Steel Products

Steel Tariffs - Here We Go

Written by Lewis Leibowitz

The following article was written by trade attorney Lewis E. Leibowitz. In the article, he discusses what the president said he would do (25% tariff on steel, 10% aluminum) and what happens next (assuming the president actually announces the tariffs officially next week). Leibowitz will be at this year’s SMU Steel Summit Conference where we will hold an informal “Ask Lewis” program about the status of all the trade cases as we strive to help the industry understand the nuances of U.S. trade law. Here is what Leibowitz had to say this evening:

President Trump didn’t announce relief today, but he told us the bare bones of what he’ll do:  25 percent tariffs on steel, 10 percent on aluminum, higher even than the tariffs proposed by the Secretary of Commerce.

What is the President after?  He wants to feel the love of Dan DiMicco and John Ferriola and other steel company executives.  He does not seem to mind the wrath of almost every other CEO that uses steel and aluminum in manufacturing.

I have some questions for the president:

1. Does anyone think that steel and aluminum tariffs will work?

That depends on what “work” means.  Let’s start with the radical idea that he is preparing for the 2018 midterm elections.  Steel industry executives will gush for a few days.  The stock market already voted—steel tariffs laid an egg on Wall Street.  Will Rust Belt states flood to the president’s side?  Well, steel workers probably will.  The most prominent senator praising the president is someone who is not exactly his ally—Sherrod Brown of Ohio.  Ben Sasse of Nebraska hates the tariffs, as do most Republicans.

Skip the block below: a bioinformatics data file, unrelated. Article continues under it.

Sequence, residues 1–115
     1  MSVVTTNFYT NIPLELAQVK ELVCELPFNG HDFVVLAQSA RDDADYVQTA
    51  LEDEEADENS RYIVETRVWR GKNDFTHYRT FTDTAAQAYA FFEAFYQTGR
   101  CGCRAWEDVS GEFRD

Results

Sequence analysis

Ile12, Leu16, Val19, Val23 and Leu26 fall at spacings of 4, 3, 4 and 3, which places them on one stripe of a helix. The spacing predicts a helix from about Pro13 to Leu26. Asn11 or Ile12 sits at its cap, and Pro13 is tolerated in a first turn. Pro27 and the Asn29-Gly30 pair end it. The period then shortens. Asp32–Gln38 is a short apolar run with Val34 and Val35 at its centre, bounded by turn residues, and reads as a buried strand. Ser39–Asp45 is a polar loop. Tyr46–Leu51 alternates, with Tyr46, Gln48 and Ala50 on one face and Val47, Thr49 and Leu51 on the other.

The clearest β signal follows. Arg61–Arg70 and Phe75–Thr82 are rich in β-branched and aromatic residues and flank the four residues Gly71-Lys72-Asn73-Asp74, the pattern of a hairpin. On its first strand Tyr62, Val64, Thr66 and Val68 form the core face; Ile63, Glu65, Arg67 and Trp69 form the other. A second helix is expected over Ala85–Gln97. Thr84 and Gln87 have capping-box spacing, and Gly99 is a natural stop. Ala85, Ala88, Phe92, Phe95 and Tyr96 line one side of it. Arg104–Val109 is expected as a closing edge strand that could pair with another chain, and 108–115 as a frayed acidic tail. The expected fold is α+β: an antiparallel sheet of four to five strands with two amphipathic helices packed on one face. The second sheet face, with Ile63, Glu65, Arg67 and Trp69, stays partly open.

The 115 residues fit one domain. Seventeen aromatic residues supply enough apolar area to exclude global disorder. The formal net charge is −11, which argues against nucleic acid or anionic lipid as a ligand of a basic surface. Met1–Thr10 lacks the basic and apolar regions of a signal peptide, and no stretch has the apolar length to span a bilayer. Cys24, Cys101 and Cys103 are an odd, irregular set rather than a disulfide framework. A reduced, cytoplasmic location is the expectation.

The one thing we’ve learned since the Smoot Hawley tariff of 1930 is that protectionism has one serious problem: it doesn’t work.  Jobs are not saved.  The efficient industries (the ones that export) tend to lose business in favor of the inefficient ones (unfortunately, steel is one such industry).

2. Will the tariffs apply to all steel products?

We don’t know yet.  There could be tariffs on all countries of 25 percent on all steel products.  But there would not be tariffs on advanced products containing steel and aluminum.  These tariffs will create the most irrational of tariff structures—the inverted tariff, where components and lower value articles are taxed at a higher rate than more advance products.  In most cases, imports of advanced products increase while imports of basic steel product imports decrease.  The steel industry cannot cash in, however, because the companies making products from steel are too busy heading for the exits.  They will leave the U.S. if they can.